The group of environment activists got interested in mangroves after the tsunami of December 2004. Though the central Kerala coastline was not affected by the tsunami, the magnitude of the event led them to think about the importance of conserving natural barriers for protection. “That was when we started studying the importance of mangroves,” said Sugathan K. of NEWSI.
Sugathan says that it is at the time they focussed on the mangrove-encrusted island, which was surrounded by other mangrove patches in private ownership. Since there were tourism-related activities underway in the neighbourhood, the group felt that they needed to check the ownership of this island in the Chettuva River in Orumaniyur village council area, and push for its conservation.
The group appealed to the then state forest minister for its survey and conservation, said Panakkal. Though there was a public statement by him that this would be done, there was no response after that. The group even held rallies outside the state secretariat in Thiruvananthapuram and the district collectorate in Thrissur in 2012.
“As a result, a survey was conducted and the land was found to be that of the revenue department,” Panakkal explained. “We wanted the land to be transferred to the forest department and, as a response to our efforts, more than three years ago the revenue principal secretary asked the forest department to take it over.”
Though the land has been handed over to the forest department, no action has yet been taken to have it notified for conservation. “We keep hearing that this will be notified as a protected area because of its unique vegetation and biological diversity, but nothing has happened,” V.A. Abdul Khadar of NEWSI told indiaclimatedialogue.net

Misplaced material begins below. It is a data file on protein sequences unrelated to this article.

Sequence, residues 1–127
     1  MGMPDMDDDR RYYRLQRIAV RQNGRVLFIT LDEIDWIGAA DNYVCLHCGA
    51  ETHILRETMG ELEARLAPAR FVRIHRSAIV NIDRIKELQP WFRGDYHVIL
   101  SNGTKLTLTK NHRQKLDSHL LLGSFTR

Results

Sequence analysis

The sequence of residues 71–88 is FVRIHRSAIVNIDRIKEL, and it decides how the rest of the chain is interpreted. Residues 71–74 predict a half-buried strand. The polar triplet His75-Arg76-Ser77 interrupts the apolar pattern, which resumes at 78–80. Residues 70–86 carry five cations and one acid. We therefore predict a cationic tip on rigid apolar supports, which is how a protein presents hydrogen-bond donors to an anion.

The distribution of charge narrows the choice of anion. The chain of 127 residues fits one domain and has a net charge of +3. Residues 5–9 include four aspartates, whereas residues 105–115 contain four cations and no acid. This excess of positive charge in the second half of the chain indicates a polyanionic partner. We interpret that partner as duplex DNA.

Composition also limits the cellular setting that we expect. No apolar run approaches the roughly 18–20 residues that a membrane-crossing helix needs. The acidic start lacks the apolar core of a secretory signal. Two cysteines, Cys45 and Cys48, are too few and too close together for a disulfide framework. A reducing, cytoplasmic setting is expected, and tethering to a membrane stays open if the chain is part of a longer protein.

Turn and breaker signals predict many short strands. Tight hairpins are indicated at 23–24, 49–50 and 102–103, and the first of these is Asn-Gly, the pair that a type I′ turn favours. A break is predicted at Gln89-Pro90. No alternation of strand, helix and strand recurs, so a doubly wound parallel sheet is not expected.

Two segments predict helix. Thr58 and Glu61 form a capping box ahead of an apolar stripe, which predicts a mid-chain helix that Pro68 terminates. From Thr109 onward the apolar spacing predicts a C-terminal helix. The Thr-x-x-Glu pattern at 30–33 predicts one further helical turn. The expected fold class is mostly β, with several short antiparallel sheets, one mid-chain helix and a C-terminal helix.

Significance of efforts
The efforts being made by the local citizens to conserve mangroves in the Chettuva river estuary is significant, since a study carried out to assess the status of mangroves in the state shows that Thrissur district has only 30 hectares under mangroves.
Protection of the mangrove patches requires assessing the ownership of the land on the riverbanks. As some of the rivers in Ernakulam, Thrissur, Malappuram and Kozhikode districts descend from the mountains through the midlands, they join an estuarine network that runs parallel to the coast. This water body runs parallel to part of the coastline in Kozhikode and Ernakulam districts, and the entire coastline in Thrissur and Malappuram districts.
“We pressurised the government to have the banks of the estuarine system in Thrissur district surveyed in 2010,” Panakkal said. “Even though the government informed us that they identified 45 acres of revenue land, there was no follow up action for getting encroachments removed and for conservation.”
Informed sources in the state government confirmed to indiaclimatedialogue.net
The group’s current endeavour is to protect a water body that is part of the Peringad River near Chettuva that measures some 234.18 acres. The edges of the body, which have patches of natural mangrove growth, are under pressure for conversion to tourism and shrimp aquaculture. “If the government protects this area, it will be a natural habitat for future generations,” said Panakkal.